About South-East of Rome: the Pontine Way
In the last reel of La Dolce Vita the sweet lifers end a night of dégringolade by going down to Rome’s lido to watch the sun rise over the sea (apparently unaware they are facing west). A strange dead creature has been washed ashore, a behemoth of the deep. It symbolizes decadence and corruption. It could also symbolize the desperate ugliness which has come upon parts of the Roman shore. We no longer have to contend with the evil-smelling Pontine marshes which once barred the traveller’s way between Rome and Naples: that land is now under cultivation. But you must traverse miles of bungalows, cheap shacks, tents, caravans, grey sea, grey sand and groynes and concrete walls many times patched. Nonetheless, this area has its moments, and this guide would be incomplete without it. Nowhere in Italy, not even in Rome, has history sunk its roots so deep as on this littoral of tombs, temples and place names (Lavinio, Enea, Latina, Cincinnati) carried forward from nearly 3,000 years ago when the first arrivals on the Tiber struggled to gain a foothold. Forget the vacationlands, concentrate on a timeless landscape, the renowned and unmistakable Roman countryside of open valleys and hunting woodland, crumbling towers and aqueducts, green hills and quiet lakes. If the beaches are skimpy and artificial, the towns have a stubborn unchanging character. For all the influence Rome has had, they might be in another region altogether.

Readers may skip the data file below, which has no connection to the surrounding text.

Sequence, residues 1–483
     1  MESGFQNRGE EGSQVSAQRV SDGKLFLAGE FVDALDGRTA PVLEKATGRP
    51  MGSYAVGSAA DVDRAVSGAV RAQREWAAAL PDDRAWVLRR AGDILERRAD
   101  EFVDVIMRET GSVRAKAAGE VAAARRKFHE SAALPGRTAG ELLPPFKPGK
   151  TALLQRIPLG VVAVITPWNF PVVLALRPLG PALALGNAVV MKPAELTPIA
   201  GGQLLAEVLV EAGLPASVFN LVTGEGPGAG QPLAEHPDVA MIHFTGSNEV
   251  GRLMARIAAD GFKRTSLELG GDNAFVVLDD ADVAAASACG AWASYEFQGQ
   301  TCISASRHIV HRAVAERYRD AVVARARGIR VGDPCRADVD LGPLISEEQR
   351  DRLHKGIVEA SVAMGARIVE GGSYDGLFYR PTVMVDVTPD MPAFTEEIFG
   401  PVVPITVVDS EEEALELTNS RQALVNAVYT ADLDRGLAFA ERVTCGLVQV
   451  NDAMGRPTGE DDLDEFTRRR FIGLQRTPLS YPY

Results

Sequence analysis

One of the best places to visit is Ostia Antica, one-time port of Rome, a superb example of a prosperous city of the imperial era, today a little-publicized peaceful place where you can wander for hours, or just sit dreaming, and feel all the better for it. If you come down from Rome at dawn, like the Dolce Vita crowd, you find Via Ostiense and Via del Mare only moderately busy. Later you encounter congestion, delays and always an accident up ahead. From central Rome head south and keep to the east (left) bank of the Tiber; cross it and you end up at the airport (Ostia Antica and Fiumicino village are however equally accessible from that road). Avoid these busy roads altogether by finding Via Cristoforo Colombo, near Caracalla baths, and following it through the EUR zone (the big sports complex) to the sea 4 km east of Lido di Ostia.
From junctions on the main line from Rome (Termini) to Naples (Centrale) lines branch off the the coast at Anzio, Nettuno and Terracina. A metropolitan suburban line goes from Termini station to Ostia Antica; another to Lido di Ostia, which you can also reach from Rome’s Ostiense station, off Piazza Porta San Paolo, on a local train. The COTRAL motor-coach services (www.cotralspa.it) to Anzio, Lavinio and Nettuno leave from the EUR Fermi metropolitan station (Linea B) and Subaugusta (Linea A). Buses also run from Piazza Fermi to Sabaudia and San Felice Circeo, for the Circeo National Park.